These health information technologies decrease the cost of the health care delivery due to less medical errors, timely information, easy access to patient’s documentations, data, reports, increase efficiencies, decrease paperwork, and expand access to affordable care. “Health information systems frequently refers to the interaction between people, process and technology to support operations, management in delivering essential information in order to improve the quality of healthcare services. Similar to any other industries, the nature of healthcare industry has changed over time from a relatively stable industry to a dynamic one.

And health information systems have evolved through several different technologies” (Almunawar & Anshari, 2011, p. 1) 20 years ago these technologies did not exist in many hospitals and organizations including the Veteran Hospital Administration for that reason many hospital suffered multiple medical errors, loss of documentations, time consuming for providers and staff at the time of updating patient’s document records, more workload, unable to make reports, the collecting of data was poor, and decreasing hospital revenues.

The majority of health care documents 20 years ago including the Veteran Hospital Administration were hand-written with carbon copy to be store or send to pharmacy for prescriptions. In the Mid 60’s the Veteran Hospital Administration was using paper based documentation and medication cards making the billing process difficult and increasing the workload. In the past the roles of computers in the health care industry was marginal, and normally use just for administrative and human resources purposes.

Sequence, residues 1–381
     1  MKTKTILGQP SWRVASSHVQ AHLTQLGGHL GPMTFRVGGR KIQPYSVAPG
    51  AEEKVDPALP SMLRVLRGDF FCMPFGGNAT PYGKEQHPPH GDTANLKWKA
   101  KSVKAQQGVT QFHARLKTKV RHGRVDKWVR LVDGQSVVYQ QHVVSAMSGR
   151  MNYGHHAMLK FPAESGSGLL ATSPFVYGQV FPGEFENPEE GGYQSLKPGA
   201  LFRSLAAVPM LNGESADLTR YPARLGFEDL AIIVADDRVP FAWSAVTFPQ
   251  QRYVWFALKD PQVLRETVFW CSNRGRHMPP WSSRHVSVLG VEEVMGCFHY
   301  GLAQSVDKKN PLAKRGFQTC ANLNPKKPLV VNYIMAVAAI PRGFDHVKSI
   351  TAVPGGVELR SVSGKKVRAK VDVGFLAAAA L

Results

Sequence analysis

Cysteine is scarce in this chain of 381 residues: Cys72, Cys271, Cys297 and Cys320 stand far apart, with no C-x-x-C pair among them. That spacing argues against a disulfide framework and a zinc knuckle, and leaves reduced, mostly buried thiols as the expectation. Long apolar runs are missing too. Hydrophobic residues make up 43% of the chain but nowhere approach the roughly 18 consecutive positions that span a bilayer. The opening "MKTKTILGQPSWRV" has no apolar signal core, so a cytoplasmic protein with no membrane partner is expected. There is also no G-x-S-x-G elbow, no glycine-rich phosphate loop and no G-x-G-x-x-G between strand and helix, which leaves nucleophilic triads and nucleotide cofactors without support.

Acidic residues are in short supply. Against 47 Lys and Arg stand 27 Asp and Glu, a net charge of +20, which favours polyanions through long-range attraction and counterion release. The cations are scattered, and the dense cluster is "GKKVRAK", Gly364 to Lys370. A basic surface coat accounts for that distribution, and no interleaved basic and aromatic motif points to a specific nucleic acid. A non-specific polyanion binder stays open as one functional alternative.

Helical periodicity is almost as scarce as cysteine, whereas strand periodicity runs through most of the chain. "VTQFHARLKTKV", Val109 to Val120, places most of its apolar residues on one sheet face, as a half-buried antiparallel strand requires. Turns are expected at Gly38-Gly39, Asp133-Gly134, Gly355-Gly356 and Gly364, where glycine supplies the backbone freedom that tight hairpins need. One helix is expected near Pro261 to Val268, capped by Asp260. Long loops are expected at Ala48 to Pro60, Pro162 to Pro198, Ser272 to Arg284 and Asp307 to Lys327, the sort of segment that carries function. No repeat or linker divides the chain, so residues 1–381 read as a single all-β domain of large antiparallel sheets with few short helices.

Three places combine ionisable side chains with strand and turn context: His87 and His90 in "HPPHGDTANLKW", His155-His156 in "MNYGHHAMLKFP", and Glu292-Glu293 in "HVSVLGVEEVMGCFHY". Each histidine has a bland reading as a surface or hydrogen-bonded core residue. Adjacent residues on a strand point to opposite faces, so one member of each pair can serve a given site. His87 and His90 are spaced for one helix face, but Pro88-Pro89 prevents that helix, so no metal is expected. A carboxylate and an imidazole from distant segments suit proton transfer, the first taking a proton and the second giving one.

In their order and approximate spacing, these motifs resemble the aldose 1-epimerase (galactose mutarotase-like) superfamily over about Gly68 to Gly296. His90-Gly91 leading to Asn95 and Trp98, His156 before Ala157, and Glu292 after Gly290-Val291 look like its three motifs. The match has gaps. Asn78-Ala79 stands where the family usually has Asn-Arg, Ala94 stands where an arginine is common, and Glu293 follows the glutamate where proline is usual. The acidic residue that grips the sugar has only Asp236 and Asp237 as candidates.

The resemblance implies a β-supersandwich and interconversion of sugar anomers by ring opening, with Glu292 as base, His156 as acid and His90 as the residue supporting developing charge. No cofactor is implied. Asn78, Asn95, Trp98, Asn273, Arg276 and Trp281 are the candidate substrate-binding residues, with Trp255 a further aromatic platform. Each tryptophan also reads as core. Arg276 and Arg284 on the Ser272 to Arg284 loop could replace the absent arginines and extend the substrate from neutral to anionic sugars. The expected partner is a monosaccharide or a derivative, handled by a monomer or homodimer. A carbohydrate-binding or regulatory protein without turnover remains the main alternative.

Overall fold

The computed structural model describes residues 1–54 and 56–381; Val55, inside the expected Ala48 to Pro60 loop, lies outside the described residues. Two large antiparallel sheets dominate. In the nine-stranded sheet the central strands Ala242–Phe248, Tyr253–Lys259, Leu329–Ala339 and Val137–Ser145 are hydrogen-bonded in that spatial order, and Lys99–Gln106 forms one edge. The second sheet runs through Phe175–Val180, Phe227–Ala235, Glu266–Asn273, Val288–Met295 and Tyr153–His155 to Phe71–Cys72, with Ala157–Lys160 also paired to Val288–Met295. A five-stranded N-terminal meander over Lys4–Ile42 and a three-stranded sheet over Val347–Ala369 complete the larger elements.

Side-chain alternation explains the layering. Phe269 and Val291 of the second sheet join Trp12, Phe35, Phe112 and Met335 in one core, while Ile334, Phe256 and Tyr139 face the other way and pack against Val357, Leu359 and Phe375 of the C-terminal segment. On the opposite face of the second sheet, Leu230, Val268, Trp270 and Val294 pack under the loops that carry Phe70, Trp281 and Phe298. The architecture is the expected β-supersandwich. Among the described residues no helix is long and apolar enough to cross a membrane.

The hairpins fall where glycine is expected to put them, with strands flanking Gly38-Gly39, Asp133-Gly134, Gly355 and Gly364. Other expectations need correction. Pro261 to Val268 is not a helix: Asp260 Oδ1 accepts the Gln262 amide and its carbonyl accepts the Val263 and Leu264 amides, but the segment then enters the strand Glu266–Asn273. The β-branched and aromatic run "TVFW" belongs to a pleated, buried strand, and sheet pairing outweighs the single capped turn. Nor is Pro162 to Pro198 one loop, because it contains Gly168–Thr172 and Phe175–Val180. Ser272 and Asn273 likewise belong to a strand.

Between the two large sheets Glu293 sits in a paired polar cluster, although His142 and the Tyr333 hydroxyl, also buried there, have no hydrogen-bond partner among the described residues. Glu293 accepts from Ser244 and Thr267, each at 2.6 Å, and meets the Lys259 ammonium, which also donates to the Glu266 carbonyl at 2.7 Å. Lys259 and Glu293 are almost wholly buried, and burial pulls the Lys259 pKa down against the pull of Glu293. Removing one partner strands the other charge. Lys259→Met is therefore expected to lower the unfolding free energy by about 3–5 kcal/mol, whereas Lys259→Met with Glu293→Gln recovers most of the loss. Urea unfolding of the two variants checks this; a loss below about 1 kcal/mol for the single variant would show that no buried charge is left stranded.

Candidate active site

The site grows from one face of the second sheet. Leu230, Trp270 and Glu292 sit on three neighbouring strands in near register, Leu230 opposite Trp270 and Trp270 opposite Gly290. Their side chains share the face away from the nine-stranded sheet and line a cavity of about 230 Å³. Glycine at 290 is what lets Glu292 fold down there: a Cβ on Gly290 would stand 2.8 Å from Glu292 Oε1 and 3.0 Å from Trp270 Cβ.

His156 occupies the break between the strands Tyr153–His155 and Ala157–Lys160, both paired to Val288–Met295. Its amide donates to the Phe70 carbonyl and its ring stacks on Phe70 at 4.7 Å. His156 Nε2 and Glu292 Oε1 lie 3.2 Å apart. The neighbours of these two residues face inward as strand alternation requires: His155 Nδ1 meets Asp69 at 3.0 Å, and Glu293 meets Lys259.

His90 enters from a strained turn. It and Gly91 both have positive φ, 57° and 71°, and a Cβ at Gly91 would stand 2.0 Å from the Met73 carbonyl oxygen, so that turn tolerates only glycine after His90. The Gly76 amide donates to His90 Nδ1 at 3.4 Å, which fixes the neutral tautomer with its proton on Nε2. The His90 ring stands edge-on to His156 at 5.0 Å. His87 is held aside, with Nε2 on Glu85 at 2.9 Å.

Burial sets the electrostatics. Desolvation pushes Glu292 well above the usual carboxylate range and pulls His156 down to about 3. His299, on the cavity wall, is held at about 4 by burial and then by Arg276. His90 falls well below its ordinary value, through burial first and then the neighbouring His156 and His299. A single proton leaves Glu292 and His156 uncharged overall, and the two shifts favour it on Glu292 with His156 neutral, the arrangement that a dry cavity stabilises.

Two major events that influenced current health care information systems was the implementation of the health information technology (HIT) and electronic medical record (EMR). These two major events improved the communication among providers, staff, and patients, improving health care delivery by having easy to access information, and sharing knowledge for communication and decision making between patient and providers. “There is a great need for information tools to be used in the delivery of health care. Preventable medical errors and treatment variations have recently gained attention.

Clinicians may not know the latest treatment options, and practices vary across clinicians and regions. Consumers want to ensure that they have choices in treatment, and when they do, they want to have the information they need to make decisions about their care. Concerns about the privacy and security of personal medical information remain high. Public health monitoring, bioterror surveillance, research, and quality monitoring require data that depends on the widespread adoption of HIT “(Brailer, July 21, 2004, p. ) The health care information technology has proved through the course of the years its benefits in the health care industry. Today’s technology demonstrates that during the past 20 years the effective patient care has reach higher levels in the health care system. “Health care has lagged far behind many other industries in harnessing the capabilities of IT to improve services, knowledge, communication, outcomes, quality, and efficiency. Given the complexity of modern medicine, it is inevitable that IT will play an ever increasing role in improving health care quality”